Proven and tested ways to effective public speaking

Don’t pull a Gwynnie…
Public speaking ranks as one of the nations biggest
phobias, according to a YouGov survey released earlier
this year.
Here are 10 ways to help you embrace the critical glare of
an anticipant audience:
According to psychology professor Thomas Plante from
Santa Clara University, people can overcome anxiety over
public speaking by thinking of a confident public speaker
they admire – then pretending to be an actor playing that
It may seem like quite a complicated exercise in self-
deception, but he says that by channelling your inner
actor, your behaviour will follow your forced actions.
“Research, as well as best clinical practices, has
demonstrated that if you can behave in a particular way
(e.g., confident, comfortable) then your feelings will
follow your behaviour,” he wrote in Psychology Today .
“For example, force a smile or laugh and you’ll likely feel
a little better. Force a frown and you’ll likely feel a little
worse. In a nutshell, if you can act like a comfortable and
confident speaker (even if you don’t feel that way) you’ll
find that you’ll start to feel comfortable and confident
over time.”
Winston Churchill was one of the greatest orators of the
20th century, but public speaking didn’t come naturally to
the late prime minister.
His stammer and lisp caused him much anxiety and were
traits he feared would hold him back in politics.
To get round this he created what is described by leading
Churchill commentator David Cannadine in his book In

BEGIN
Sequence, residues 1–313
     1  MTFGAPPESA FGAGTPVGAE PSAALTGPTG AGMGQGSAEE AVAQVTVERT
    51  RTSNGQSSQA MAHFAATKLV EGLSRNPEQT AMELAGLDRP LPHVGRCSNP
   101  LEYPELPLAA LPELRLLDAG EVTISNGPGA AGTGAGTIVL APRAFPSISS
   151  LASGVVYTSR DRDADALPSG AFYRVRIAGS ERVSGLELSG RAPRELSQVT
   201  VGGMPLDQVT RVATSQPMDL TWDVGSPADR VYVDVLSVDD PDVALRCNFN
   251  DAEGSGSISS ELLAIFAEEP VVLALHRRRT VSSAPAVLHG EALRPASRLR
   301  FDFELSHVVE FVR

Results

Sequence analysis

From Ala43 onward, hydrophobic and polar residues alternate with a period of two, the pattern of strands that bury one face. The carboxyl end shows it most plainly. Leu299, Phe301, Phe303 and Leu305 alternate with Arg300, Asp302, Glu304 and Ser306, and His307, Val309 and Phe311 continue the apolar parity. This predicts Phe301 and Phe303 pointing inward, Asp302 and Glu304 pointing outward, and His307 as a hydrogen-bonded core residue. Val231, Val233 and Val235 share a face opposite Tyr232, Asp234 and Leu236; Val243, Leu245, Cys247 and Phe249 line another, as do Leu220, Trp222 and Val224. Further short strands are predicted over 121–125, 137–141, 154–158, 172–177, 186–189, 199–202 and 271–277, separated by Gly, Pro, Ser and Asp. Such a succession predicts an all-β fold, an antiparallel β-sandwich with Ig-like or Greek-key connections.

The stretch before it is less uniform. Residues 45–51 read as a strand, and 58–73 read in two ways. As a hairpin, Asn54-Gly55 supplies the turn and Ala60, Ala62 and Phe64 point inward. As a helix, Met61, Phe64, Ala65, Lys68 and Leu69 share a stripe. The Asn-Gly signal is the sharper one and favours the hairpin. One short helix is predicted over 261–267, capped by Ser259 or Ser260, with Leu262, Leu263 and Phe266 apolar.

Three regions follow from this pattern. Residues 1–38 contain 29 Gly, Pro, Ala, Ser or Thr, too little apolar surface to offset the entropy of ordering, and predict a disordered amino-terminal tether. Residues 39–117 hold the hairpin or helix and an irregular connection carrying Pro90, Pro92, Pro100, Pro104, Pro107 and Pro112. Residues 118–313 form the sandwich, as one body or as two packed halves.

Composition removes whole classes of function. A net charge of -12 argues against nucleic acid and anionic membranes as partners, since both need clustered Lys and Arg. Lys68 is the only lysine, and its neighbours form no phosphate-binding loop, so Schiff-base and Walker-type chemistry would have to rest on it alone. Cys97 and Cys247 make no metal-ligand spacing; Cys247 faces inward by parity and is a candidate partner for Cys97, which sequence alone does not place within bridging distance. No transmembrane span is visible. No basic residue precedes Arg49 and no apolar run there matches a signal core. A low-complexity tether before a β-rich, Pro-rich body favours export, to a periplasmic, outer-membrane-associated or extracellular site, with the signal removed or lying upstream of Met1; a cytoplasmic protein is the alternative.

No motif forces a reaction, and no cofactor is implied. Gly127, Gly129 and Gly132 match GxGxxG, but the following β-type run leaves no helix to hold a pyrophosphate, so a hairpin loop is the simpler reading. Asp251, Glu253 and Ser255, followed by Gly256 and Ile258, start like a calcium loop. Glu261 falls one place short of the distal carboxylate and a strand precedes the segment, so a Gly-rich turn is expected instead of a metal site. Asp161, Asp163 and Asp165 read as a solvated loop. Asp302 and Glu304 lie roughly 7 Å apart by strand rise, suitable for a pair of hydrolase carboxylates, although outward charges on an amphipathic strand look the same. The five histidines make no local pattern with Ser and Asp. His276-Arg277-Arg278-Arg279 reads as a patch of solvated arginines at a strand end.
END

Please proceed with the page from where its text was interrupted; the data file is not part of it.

Churchill’s Shadow , as a “personal style”.
He chose “unusual words and phrases so as to avoid the
treacherous rhythm of everyday speech” and studied the
speeches of a range of great orators, mixing their most
distinctive traits with his own delivery.
Instead of panicking before your big speech, book a
meeting room, close the blinds and tell everyone you’re on
a ‘important call’. Then tap into some much-needed inner
peace with a spot of quiet meditation for half an hour. A
study by researchers at the Johns Hopkins University
School of Medicine in Baltimore found it helps people to
alleviate anxiety and depression.
“A lot of people use meditation, but it’s not a practice
considered part of mainstream medical therapy for
anything,” said the university’s Madhav Goyal. “But in our
study, meditation appeared to provide as much relief from
some anxiety and depression symptoms as what other
studies have found from antidepressants.”
Standing up to face people in a presentation situation
makes most people restless and nervous but scientific
evidence cited by the University of Maryland Medical
Center suggests that aromatherapy with lavender can slow
down the nervous system and reduce anxiety.
Not only that, but it’s also been found to lift and stabilise
mood and enhance concentration.
Rather than simply inhaling a whiff of lavender oil before
stepping onto the podium, book a massage. [ Studies
suggest that getting a rubdown with the oil is particularly
effective in combating nerves.
Don’t even think about missing out on sleep to practice
your speech – researchers have found that people’s voice